There is scene in The West Wing where the President’s Deputy Chief of Staff, Joshua Lyman, had been receiving counselling for PTSD, following a shooting in which he was one of the victims. Joshua’s colleagues had grown increasingly concerned for his well being as they observed his even more than usual brittle nature and explosions of anger. Following this counselling, Joshua steps into the hallway of the Whitehouse and notices his boss, Presidential Chief-of-Staff,  Leo McGarry, sitting nearby.

Leo asks, ‘How’d it go?’

Josh Lyman: Did you wait around for me?

Leo proceeds to tell Josh a parable,

“This guy’s walking down the street when he falls in a hole. The walls are so steep he can’t get out.

“A doctor passes by and the guy shouts up, ‘Hey you. Can you help me out?’ The doctor writes a prescription, throws it down in the hole and moves on.

“Then a priest comes along and the guy shouts up, ‘Father, I’m down in this hole can you help me out?’ The priest writes out a prayer, throws it down in the hole and moves on

“Then a friend walks by, ‘Hey, Joe, it’s me can you help me out?’ And the friend jumps in the hole. Our guy says, ‘Are you stupid? Now we’re both down here.’ The friend says, ‘Yeah, but I’ve been down here before and I know the way out.'”

Christians must not be and cannot be those who see someone down a hole and walk on by, or who throw a stone or hurl insults. If we have been justified in the sight of God it is solely on account of God’s grace and love. Having known this wonderful justifying grace, how can we look down on people around us? We can’t walk away, instead we climb down and sit with whoever it is down there, and we point them not to ourselves, but to Jesus.

3. A greater and more fulfilling identity.

A third issue with Simon’s presentation is that he has bought into a popular view of sexuality, one that alleges, “There is nothing that goes to the heart of human identity as much as our sexuality.”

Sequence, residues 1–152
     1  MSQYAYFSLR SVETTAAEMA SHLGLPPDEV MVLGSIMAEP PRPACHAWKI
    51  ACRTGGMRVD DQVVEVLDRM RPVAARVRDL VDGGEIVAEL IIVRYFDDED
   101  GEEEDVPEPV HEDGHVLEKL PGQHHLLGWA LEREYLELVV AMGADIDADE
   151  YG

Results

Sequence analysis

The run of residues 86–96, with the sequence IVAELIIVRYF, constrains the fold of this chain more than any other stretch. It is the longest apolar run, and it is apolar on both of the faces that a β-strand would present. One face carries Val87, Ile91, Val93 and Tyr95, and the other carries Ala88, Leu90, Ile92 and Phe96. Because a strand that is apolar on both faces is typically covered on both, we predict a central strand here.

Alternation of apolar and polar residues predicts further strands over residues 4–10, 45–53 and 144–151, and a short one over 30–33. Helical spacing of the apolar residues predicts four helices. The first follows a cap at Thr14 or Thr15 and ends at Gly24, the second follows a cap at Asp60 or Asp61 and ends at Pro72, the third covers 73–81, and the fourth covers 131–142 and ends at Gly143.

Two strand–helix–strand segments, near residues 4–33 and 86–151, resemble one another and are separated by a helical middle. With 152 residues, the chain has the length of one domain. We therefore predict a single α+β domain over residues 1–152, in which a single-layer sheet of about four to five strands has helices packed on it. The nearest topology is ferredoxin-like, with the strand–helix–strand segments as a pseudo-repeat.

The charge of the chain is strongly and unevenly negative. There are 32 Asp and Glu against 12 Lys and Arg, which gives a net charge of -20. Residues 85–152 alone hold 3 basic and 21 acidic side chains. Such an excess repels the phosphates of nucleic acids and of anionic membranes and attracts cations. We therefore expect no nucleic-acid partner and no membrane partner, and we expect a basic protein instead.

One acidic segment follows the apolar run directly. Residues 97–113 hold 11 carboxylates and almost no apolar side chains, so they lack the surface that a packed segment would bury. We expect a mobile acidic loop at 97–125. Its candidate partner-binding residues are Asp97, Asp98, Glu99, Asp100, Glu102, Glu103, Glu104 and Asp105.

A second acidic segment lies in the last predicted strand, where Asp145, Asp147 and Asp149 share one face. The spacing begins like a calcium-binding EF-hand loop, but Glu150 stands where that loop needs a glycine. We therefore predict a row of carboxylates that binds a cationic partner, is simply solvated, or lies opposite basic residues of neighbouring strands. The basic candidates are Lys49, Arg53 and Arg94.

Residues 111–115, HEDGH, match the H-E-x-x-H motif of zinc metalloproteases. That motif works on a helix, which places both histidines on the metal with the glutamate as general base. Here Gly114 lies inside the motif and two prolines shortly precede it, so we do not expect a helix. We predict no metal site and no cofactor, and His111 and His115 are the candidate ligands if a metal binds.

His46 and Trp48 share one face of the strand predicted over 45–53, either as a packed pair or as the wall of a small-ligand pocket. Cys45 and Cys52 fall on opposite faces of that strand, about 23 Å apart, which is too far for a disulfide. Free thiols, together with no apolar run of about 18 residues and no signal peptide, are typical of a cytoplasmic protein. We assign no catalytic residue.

This is of course not the case. I am not diminishing the role of sexuality in a person’s life, but the Gospel pushes back on the idolising of human sexuality, which leaves many single people feeling as though they are lacking, and it leaves many same sex attracted men and women sensing that celibacy is a barrier to true self realisation.

Sam Allberry is a minister in the Church of England. Speaking as a Christian who is same sex attracted, he writes,

“We in the West find ourselves amid a culture that increasingly encourages us to seek ultimate human meaning in sexual fulfilment. Our core human identity is found in our sexuality, which in turn is defined by our desires and attractions. Yet this is an appallingly inadequate way to account for a human being.”

Responding to an author who was advocating ‘Christian’ same sex relationships, Allberry contends,

“this is not a biblical understanding of what it means to be human. My sexuality is not to be found in my feelings but in God having created me male; it is not primarily psychological but bodily. So I am not to read my core identity off my sexual desires, but to receive the sexual identity God has already granted me as a male as a good gift to be lived out and enjoyed. My sexual desires are part of what I feel, but they are not who I am.

This is incredibly significant. If my sexual feelings are who I am at my core, then they must be fulfilled in order for me to even begin to feel complete and whole as a human. My sense of fulfilment is cast upon my sexual fortunes, and everything seems to depend on it. But being a Christian gives me a different perspective. My sexual desires are not insignificant; they are deeply personal. But they are not defining or central, and so fulfilling them is not the key to fullness of life. I suspect our culture’s near-hysterical insistence that your sexuality is your identity has far more to do with the prevalence of torment, self-loathing, and destruction than we have begun to realize.”

 

I have no doubt that Simon will receive much public adulation today, after all a Christian minister has laid aside the Bible and accepted the cultural milieu. Everyone loves a Pastor who repeats the popular mantras of the day. Sometimes though love requires something more, a harder path. As unpopular as it is right now, perhaps following Jesus and trusting his word is the best way to love people.